Maybe “less” is not the right word here.  Maybe it is best to think of our work as not “less than” a true picture of past ways of thinking, but more than that — as true a picture of the past as we can offer, plus a bonus picture of the present too.  For whatever historians do for our fellow humans in the present (not much, our fellow humans often seem to believe), what we leave behind for humans to come is just an ideational artifact of our own time — just what we think now about “back then,” so that our work will some day become part of a “back then” to their “now.”

And my “now” as a historian includes a “back then” that I can’t simply leave behind. I came to the practice of history through the halls of memory.  It was not a penchant for ironic detachment and intellectual abstraction that led me to the scholarly study of the past. Those are skills (or, on some days, flaws) that I’ve had to learn.  What led me to the study of the past was love — love for my grandparents, mostly :  a wish to know everything there was to know about what made them who they were, and who they were to me, and a wish to keep as much of that with me, as much of them with me, as I can.  I have since ventured far beyond that initial reason that history mattered to me.  But that is the door through which I entered.

I suspect that a lot of people who come to the study of history (though not all, certainly)  have come down such hallways and entered through such doors — through an interest in a relative’s war experiences, or their immigration story, or the history of one’s home town, or maybe just genealogical research.  These are all very personal reasons for looking for the past — reasons that are not about holding the past at arm’s length, but about putting one’s arms around it.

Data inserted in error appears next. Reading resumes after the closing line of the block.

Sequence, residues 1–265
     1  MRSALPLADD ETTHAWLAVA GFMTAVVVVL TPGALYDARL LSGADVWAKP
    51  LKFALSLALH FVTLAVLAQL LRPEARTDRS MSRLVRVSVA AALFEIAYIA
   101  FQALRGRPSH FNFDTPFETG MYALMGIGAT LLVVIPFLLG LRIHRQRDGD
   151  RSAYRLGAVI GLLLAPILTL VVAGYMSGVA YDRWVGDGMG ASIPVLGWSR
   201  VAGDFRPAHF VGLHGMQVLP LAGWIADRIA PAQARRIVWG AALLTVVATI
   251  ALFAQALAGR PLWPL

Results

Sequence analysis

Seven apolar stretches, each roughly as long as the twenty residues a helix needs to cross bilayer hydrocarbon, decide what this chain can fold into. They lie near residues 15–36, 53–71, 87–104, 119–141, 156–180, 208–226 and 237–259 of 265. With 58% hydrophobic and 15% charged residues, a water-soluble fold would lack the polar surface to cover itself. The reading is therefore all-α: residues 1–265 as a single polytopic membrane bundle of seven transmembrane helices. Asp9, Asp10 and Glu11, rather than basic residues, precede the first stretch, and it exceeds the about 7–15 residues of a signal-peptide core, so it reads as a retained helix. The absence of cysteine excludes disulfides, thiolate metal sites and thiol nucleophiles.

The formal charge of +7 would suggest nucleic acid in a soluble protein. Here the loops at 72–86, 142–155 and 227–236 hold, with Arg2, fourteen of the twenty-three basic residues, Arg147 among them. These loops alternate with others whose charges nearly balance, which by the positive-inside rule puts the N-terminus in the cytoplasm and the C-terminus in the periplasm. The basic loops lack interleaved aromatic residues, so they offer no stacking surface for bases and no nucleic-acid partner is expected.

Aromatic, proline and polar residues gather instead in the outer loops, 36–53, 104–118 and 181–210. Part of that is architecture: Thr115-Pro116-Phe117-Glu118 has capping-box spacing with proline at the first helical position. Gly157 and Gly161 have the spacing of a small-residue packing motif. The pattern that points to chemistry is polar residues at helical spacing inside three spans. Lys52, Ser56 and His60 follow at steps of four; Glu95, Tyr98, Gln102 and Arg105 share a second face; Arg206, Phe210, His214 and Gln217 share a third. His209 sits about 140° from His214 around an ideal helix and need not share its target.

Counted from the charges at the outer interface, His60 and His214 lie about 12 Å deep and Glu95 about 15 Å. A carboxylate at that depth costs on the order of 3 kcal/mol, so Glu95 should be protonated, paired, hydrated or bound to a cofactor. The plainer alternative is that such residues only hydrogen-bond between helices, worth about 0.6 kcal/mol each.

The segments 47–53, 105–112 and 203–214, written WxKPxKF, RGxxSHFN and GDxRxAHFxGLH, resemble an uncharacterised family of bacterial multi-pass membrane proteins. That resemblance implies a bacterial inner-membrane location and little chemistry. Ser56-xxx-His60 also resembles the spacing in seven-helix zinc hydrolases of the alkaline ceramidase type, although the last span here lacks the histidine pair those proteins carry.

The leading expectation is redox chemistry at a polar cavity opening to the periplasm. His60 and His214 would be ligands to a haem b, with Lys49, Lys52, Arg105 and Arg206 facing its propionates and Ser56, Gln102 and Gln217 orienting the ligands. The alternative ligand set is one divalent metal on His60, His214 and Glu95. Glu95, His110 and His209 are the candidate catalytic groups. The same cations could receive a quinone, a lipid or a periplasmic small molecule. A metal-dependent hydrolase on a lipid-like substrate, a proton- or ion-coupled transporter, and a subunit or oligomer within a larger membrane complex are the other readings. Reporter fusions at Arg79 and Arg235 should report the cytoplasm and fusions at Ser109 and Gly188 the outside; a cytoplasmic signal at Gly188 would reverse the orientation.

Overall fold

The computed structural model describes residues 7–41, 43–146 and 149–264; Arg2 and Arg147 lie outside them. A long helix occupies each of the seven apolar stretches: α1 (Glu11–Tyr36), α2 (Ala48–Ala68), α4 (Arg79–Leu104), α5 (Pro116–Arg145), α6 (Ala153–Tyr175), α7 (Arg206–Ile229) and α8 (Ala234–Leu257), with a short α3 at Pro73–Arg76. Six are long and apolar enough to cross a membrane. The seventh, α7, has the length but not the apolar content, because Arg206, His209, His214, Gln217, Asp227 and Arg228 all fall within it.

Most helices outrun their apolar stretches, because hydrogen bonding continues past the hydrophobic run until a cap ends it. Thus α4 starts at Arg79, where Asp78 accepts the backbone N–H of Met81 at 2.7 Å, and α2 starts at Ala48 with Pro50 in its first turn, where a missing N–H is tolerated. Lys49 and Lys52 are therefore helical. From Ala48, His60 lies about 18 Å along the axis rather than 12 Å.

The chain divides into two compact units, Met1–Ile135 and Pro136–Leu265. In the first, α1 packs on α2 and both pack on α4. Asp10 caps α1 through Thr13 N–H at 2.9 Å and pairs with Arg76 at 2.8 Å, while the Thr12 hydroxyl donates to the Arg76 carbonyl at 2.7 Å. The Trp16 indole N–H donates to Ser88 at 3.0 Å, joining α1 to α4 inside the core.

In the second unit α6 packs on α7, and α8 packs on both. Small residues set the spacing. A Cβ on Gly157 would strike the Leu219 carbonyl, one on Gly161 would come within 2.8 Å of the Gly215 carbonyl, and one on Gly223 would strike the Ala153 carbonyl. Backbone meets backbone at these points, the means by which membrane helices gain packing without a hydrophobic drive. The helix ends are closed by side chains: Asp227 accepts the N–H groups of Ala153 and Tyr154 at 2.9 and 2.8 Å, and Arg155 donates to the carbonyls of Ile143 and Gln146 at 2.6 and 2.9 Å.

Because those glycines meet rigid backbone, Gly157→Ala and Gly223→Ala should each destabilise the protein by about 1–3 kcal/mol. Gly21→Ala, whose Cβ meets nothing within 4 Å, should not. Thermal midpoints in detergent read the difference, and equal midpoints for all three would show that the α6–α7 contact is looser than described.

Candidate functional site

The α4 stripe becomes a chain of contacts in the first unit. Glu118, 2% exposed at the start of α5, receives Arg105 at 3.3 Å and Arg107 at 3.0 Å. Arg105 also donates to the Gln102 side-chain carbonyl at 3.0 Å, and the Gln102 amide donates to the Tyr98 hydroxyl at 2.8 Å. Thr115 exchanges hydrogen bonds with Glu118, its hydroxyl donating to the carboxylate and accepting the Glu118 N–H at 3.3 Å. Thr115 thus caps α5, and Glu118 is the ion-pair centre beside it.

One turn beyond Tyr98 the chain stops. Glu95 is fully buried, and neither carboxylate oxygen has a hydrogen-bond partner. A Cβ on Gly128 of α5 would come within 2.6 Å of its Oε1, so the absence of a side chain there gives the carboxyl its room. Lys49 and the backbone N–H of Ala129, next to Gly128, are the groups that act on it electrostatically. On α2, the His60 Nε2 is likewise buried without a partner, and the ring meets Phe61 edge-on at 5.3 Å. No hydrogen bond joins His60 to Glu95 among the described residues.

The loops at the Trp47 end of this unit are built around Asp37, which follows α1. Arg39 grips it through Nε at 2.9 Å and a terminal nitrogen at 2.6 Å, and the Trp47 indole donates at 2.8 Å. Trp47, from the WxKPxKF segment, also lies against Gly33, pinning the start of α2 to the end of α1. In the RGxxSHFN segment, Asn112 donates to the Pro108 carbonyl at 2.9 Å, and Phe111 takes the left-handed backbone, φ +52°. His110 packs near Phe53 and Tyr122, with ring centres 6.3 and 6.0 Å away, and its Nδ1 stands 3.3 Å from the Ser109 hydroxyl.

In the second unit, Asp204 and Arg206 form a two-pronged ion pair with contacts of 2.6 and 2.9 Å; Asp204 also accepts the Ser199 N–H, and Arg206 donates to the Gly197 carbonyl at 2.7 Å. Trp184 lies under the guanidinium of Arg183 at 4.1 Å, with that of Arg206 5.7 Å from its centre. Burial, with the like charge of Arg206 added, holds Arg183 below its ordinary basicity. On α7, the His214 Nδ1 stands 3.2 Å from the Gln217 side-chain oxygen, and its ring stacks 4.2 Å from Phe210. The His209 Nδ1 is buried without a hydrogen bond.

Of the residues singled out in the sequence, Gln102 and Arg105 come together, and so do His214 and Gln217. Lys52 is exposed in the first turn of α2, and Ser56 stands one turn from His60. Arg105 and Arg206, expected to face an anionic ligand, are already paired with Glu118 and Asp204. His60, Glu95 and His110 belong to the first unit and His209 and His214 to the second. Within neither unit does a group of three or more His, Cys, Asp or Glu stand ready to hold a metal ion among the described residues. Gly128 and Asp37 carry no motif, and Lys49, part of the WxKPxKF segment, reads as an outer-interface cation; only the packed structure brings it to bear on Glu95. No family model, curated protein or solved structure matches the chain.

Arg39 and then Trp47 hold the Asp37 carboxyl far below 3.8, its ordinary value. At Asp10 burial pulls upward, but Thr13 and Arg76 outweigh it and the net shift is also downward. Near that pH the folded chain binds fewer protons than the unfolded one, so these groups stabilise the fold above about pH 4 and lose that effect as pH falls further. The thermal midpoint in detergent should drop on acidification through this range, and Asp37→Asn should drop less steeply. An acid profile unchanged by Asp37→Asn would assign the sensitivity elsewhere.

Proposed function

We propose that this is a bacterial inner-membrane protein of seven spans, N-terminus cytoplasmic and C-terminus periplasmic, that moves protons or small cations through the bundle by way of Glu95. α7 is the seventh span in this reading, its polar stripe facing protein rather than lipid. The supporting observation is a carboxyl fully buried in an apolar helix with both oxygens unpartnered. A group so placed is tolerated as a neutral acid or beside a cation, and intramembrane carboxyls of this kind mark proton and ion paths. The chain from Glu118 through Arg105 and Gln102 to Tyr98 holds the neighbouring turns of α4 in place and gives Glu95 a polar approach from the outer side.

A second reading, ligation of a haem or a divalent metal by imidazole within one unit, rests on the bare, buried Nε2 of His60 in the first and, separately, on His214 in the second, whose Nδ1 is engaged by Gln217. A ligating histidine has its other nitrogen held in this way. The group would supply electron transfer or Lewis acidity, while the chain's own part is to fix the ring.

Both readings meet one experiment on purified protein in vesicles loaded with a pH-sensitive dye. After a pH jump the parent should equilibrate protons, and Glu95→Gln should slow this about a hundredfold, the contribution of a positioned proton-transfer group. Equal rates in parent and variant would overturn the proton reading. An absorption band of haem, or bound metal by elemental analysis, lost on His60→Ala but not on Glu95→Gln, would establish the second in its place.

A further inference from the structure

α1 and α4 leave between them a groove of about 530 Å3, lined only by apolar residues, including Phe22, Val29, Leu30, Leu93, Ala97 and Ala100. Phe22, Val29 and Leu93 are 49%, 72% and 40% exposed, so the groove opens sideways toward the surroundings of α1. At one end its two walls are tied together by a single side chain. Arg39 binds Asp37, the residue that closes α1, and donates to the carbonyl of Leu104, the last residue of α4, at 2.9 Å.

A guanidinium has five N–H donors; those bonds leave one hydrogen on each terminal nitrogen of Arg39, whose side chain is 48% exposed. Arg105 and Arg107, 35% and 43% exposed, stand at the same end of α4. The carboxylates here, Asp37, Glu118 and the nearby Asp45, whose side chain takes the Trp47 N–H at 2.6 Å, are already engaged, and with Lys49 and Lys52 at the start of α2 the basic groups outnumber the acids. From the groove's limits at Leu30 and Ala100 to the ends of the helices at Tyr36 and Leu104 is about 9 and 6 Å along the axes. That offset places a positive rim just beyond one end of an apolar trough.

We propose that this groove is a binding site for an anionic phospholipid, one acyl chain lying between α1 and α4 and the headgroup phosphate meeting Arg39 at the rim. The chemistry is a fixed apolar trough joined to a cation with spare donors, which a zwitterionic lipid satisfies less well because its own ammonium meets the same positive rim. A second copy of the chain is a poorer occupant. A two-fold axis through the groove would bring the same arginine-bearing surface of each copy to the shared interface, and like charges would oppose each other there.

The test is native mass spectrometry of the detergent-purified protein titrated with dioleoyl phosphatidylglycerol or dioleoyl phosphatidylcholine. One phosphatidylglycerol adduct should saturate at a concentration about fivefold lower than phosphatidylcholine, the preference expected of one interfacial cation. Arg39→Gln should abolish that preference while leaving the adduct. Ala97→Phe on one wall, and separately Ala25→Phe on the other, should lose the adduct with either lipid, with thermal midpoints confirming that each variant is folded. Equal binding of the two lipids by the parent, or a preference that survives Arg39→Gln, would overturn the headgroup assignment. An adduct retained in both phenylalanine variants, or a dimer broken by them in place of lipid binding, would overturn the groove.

Perhaps the Women’s Rights National Historic Park has been such a doorway for someone.  Its establishment, its continued existence, certainly testifies to an idea that holds currency in the present:  the idea that sites at which historically significant events took place should be both preserved and interpreted, so that visiting there can lead people to a better understanding of then.  Perhaps that’s one way of describing the mission of public history:  beginning with a there (or a that) to understand a then.

A souvenir.

A souvenir.

To an intellectual historian of the idealist strain, this can look a bit backwards. We tend to think of beginning with a then (the sensibility of an era) in order to understand that there — what that sensibility led to or accomplished or produced or left behind.  That’s our epistemic home ground.  Some of us just took the back streets to get here — pretty much the opposite of a shortcut, but (at least in retrospect) a sure path all the same.